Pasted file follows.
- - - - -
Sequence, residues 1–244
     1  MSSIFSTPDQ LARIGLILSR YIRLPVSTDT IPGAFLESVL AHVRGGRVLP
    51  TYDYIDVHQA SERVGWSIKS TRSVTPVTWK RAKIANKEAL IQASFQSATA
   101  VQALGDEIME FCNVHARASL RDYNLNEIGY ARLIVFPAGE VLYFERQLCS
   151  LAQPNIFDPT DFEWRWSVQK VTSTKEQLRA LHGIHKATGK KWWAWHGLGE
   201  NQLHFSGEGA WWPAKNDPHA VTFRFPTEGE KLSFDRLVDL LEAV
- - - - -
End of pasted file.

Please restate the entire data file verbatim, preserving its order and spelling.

Sequence, residues 1–244
     1  MSSIFSTPDQ LARIGLILSR YIRLPVSTDT IPGAFLESVL AHVRGGRVLP
    51  TYDYIDVHQA SERVGWSIKS TRSVTPVTWK RAKIANKEAL IQASFQSATA
   101  VQALGDEIME FCNVHARASL RDYNLNEIGY ARLIVFPAGE VLYFERQLCS
   151  LAQPNIFDPT DFEWRWSVQK VTSTKEQLRA LHGIHKATGK KWWAWHGLGE
   201  NQLHFSGEGA WWPAKNDPHA VTFRFPTEGE KLSFDRLVDL LEAV